The Magnificent Ambersons

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The Magnificent Ambersons
TheMagnificentAmbersons.jpg
First edition
Author Booth Tarkington
Country United States
Language English
Publisher Doubleday, Page
Publication date
1918
Media type Print
Pages 516
This is an article about the 1918 novel. For the 1942 film adaptation, see The Magnificent Ambersons (film)

The Magnificent Ambersons is a 1918 novel by Booth Tarkington which won the 1919 Pulitzer Prize for the novel. It was the second novel in his Growth trilogy, which included The Turmoil (1915) and The Midlander (1923, retitled National Avenue in 1927). In 1925 the novel was first adapted for film under the title Pampered Youth. In 1942 Orson Welles wrote and directed an acclaimed film adaptation of the book. Welles's original screenplay was the basis of a 2002 TV movie produced by the A&E Network.


Plot summary[edit]

The story is set in a largely fictionalized version of Indianapolis, and much of it was inspired the neighborhood of Woodruff Place.[1][2]

The novel and trilogy trace the growth of the United States through the declining fortunes of three generations of the aristocratic Amberson family in an upper-scale Indianapolis neighborhood, between the end of the Civil War and the early part of the 20th century, a period of rapid industrialization and socio-economic change in America. The decline of the Ambersons is contrasted with the rising fortunes of industrial tycoons and other new-money families, who derived power not from family names but by "doing things." As George Amberson's friend (name unspecified) says, "don't you think being things is 'rahthuh bettuh' than doing things?"

The titular family is the most prosperous and powerful in town at the turn of the century. Young George Amberson Minafer, the patriarch’s grandson, is spoiled terribly by his mother Isabel. Growing up arrogant, sure of his own worth and position, and totally oblivious to the lives of others, George falls in love with Lucy Morgan, a young though sensible debutante. But there is a long history between George’s mother and Lucy’s father, of which George is unaware. As the town grows into a city, industry thrives, the Ambersons’ prestige and wealth wanes, and the Morgans, thanks to Lucy’s prescient father, grow prosperous. When George sabotages his widowed mother's growing affections for Lucy's father, life as he knows it comes to an end.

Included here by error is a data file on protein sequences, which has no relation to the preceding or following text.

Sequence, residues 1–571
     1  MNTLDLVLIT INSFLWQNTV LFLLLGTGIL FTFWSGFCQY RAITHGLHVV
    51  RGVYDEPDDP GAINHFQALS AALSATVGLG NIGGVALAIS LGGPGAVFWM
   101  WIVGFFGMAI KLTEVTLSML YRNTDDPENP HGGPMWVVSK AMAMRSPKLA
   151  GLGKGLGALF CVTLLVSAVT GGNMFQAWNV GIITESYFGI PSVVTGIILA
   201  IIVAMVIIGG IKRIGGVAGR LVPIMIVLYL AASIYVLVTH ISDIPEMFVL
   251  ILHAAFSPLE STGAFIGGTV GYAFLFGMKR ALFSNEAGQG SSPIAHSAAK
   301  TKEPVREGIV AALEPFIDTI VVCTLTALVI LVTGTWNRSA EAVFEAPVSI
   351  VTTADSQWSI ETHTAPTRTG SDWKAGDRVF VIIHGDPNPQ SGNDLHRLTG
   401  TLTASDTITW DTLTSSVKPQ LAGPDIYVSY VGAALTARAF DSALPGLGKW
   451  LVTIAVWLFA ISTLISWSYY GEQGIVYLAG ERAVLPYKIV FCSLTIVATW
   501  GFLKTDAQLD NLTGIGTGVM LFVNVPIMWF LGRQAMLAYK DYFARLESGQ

Reception[edit]

"The Magnificent Ambersons is perhaps Tarkington's best novel," said Van Wyck Brooks. "[It is] a typical story of an American family and town—the great family that locally ruled the roost and vanished virtually in a day as the town spread and darkened into a city. This novel no doubt was a permanent page in the social history of the United States, so admirably conceived and written was the tale of the Ambersons, their house, their fate and the growth of the community in which they were submerged in the end."

Awards[edit]

The Magnificent Ambersons received the 1919 Pulitzer Prize.[3]

Adaptations[edit]

The Magnificent Ambersons has been adapted for film three times:

References[edit]

  1. ^ V. F. Perkins. (August 2000). "The Magnificent Ambersons (book review)". University of Nottingham. Retrieved 2008-07-13. "Woodruff Place in Indianapolis, Indiana can't be found on a tourist map, but it would probably interest anyone who is familiar with Orson Welles's adaptation of Booth Tarkington's The Magnificent Ambersons" 
  2. ^ "Historic Districts". City of Indianapolis. Retrieved 2008-07-13. "Woodruff Place was the city's first "suburb" and was the setting for Booth Tarkington's Pulitzer Prize winning novel, The Magnificent Ambersons" 
  3. ^ "1919 Winners". The Pulitzer Prizes. Retrieved 2013-12-30. 

External links[edit]